*Though today I am in a better mood than I was yesterday, I do not feel at all that I am in a normal state of mind.  It’s just relatively better.  All things are measurable relative to their local environment.

How many rhetorical questions can one man ask?

Well, it’s Monday again, the start of another work week.  I think it’s a bit unfair that we’ve made the day that we named after the moon—arguably our most unique and interesting and certainly among the most important of nearby astronomical bodies—into a day that’s associated with the return to drudgery after a minor respite.

But that’s not what I mean to write about today.  I’ve been thinking recently about a list I saw of “Greatest Songs of All Time”.  I think it was one of those “WatchMojo” or “WhatCulture” lists, but that doesn’t matter much.  What matters to me is, what had this list declared to be the greatest song of all time?  Well, the answer, my friend, was Blowin’ in the Wind.

There’s nothing particularly wrong with the song.  It’s a simple folk tune, pleasant and catchy enough for what it is.  But the greatest?  Musically, it’s not terribly interesting.  It has only three chords, which change in not terribly imaginative or impressive ways, and the tune itself is also not especially beautiful or catchy.  It just repeats its structure 3 times in a row.  That’s all fine, don’t get me wrong, but…surely it can’t be because of the tune and the chords that they think it’s the greatest song of all time.

It must be the words.  After all, the person who wrote this song was recently given a Nobel Prize for his words (all of them, not just this song), so they must be the reason some people consider this the greatest song of all time.  Presumably the Nobel Committee doesn’t give those awards out just for any old lyric writing.  They haven’t given one to Paul McCartney or Bernie Taupin or (God forbid) Tim Rice.

So, Mr. Dylan—if that is your real name*—let’s examine the lyrics of this supposedly greatest not just of your songs, but of all songs.

With the first line, I already have problems:  “How many roads must a man walk down before you can call him a man?”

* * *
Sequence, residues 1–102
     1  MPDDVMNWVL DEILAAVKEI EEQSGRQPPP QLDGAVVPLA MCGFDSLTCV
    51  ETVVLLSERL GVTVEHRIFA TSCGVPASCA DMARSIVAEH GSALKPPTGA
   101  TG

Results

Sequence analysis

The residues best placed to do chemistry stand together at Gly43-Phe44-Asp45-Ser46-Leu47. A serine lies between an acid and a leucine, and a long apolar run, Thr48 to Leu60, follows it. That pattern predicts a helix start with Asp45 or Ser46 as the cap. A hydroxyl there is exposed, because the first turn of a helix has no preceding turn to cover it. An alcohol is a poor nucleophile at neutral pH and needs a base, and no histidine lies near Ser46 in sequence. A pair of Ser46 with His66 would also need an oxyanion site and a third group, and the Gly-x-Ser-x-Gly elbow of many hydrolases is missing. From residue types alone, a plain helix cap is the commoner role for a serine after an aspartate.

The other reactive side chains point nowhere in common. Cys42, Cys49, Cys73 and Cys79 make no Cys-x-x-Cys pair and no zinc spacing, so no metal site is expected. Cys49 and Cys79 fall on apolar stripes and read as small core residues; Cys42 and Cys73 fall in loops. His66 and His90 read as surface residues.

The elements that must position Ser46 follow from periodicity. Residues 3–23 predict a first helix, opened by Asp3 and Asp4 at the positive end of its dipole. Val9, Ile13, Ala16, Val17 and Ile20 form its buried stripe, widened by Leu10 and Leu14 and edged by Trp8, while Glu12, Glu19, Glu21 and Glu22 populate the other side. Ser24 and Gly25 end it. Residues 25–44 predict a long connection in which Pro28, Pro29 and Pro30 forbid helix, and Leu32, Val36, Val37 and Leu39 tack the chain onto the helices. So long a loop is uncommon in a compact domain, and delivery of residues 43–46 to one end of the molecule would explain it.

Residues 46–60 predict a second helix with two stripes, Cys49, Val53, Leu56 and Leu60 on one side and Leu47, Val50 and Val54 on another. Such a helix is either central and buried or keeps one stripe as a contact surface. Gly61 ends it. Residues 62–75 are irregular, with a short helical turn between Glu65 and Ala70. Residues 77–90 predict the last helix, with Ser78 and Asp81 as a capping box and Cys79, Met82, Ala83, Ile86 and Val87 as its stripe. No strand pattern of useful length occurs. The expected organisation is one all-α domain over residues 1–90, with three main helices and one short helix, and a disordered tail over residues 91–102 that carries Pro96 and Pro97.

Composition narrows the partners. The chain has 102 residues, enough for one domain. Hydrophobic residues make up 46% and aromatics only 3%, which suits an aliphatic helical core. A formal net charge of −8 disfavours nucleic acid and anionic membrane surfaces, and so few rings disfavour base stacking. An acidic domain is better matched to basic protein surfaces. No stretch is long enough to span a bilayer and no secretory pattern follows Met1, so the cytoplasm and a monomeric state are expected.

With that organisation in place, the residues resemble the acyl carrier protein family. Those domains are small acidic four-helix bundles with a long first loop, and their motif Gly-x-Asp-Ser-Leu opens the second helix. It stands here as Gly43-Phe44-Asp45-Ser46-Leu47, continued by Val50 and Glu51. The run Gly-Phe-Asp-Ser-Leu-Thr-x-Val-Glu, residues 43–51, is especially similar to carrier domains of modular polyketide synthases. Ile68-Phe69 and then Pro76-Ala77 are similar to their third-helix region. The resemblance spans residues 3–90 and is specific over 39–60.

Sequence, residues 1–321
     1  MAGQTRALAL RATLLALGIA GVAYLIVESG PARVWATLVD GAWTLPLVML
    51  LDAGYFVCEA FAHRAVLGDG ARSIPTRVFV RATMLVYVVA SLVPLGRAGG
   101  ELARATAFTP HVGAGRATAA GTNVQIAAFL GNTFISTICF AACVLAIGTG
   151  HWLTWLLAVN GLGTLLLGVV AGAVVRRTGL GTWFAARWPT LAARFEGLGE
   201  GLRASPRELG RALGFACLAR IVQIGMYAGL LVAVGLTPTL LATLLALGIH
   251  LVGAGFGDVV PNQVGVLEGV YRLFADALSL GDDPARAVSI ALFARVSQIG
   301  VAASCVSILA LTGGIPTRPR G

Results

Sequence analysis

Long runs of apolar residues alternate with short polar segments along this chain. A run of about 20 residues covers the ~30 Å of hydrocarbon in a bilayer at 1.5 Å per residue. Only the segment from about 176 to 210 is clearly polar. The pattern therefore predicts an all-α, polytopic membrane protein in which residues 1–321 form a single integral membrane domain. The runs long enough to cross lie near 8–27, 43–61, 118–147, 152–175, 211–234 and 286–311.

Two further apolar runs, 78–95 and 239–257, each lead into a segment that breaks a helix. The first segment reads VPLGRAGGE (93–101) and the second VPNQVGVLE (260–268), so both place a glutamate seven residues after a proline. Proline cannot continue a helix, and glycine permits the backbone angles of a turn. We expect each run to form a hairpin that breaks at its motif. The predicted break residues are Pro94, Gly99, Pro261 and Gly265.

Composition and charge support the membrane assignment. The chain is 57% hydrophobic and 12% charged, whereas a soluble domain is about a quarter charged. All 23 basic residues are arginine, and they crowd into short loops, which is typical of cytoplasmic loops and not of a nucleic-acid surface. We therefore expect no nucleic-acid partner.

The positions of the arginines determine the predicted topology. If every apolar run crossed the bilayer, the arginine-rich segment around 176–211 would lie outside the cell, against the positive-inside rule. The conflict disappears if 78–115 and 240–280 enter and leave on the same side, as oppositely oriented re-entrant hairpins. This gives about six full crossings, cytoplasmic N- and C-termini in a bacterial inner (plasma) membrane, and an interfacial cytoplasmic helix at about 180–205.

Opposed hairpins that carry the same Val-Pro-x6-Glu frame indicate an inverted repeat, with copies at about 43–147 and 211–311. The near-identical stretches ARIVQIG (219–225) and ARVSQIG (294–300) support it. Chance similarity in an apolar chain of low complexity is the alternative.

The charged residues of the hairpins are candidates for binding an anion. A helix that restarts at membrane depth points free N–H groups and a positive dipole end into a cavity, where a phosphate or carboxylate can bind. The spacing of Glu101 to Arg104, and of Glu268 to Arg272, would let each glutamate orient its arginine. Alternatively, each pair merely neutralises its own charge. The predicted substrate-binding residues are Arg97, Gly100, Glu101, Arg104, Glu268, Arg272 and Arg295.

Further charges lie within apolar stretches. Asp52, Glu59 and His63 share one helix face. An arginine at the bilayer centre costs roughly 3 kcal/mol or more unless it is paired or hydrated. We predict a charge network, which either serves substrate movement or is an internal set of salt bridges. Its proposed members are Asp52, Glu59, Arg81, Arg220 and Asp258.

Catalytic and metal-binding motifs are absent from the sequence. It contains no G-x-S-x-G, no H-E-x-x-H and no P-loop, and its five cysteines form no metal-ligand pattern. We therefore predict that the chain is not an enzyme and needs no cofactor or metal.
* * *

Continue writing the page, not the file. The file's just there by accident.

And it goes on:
It’s internally contradictory.  If a man is walking down any road at all, as the lyric says, you’re already calling him a man.  If the starting point is “a man walking down a road” then he doesn’t need to be a man walking down a road at all before you call him a man.  For a man to walk down a road, he has to be already a man.

Then comes the line “How many seas must a white dove sail before she sleeps in the sand?”

This one just doesn’t make sense.  Do white doves sail?  Aren’t doves land birds?  Does any bird, other than a pirate’s parrot or similar, actually “sail” at all?  Do white doves tend to sleep in the sand?  I thought most dove species nested well above the ground.  Or is this “sleep” a reference to dying?  In which case, maybe a white dove will die if it tries to sail—since they aren’t sea birds—and so it will die at once, and the answer is “one or fewer”.

Next comes “How many times must the cannonballs fly before they’re forever banned?”

Well, I don’t think you need to ban cannonballs.  They’re a long-since obsolete form of military projectile.  What good would “banning” them “forever” do?  Cannonballs are easy enough to make, but again, they are obsolete.

Well, this one I’m willing to accept as a catch-all term referring to all military weapons, but surely banning will not be the way war is ended, since “banning” something requires an implicit threat of force in and of itself.  Surely only by advancing as a civilization to the point where war is no longer in any sense desirable by anyone is the way things will go, if it goes that way at all.

Next comes the title verse, “The answer, my friend, is blowin’ in the wind.  The answer is blowin’ in the wind.”

Now this is clearly just an evocative image (so to speak) showing that the answer is not something that can be grasped, calling to mind poetic queries such as “Who has seen the wind?”  But ever since I were a wee lad, I’ve heard this and thought, “So, maybe the answer is ‘a leaf’.”  Which doesn’t quite make sense, but a leaf is the sort of thing that can be found blowing in the wind.  Or we could go “meta” or whatever, and say, “The answer is, ‘dust’.  Dust in the Wind is the answer.”  And for my money, it’s a much deeper, more evocative, more haunting, and far more beautiful song.

But that’s a digression.

Now, the first lyric of the second verse is one I frequently forget, because it’s partly banal and partly misses any point.  The whole “How many years can a mountain exist before it’s washed to the sea?” is a bit of trivia, and it would differ for every mountain.  Also, I would think that not every mountain is, in the end, washed to the sea.  I don’t really think that’s how geology and plate tectonics work.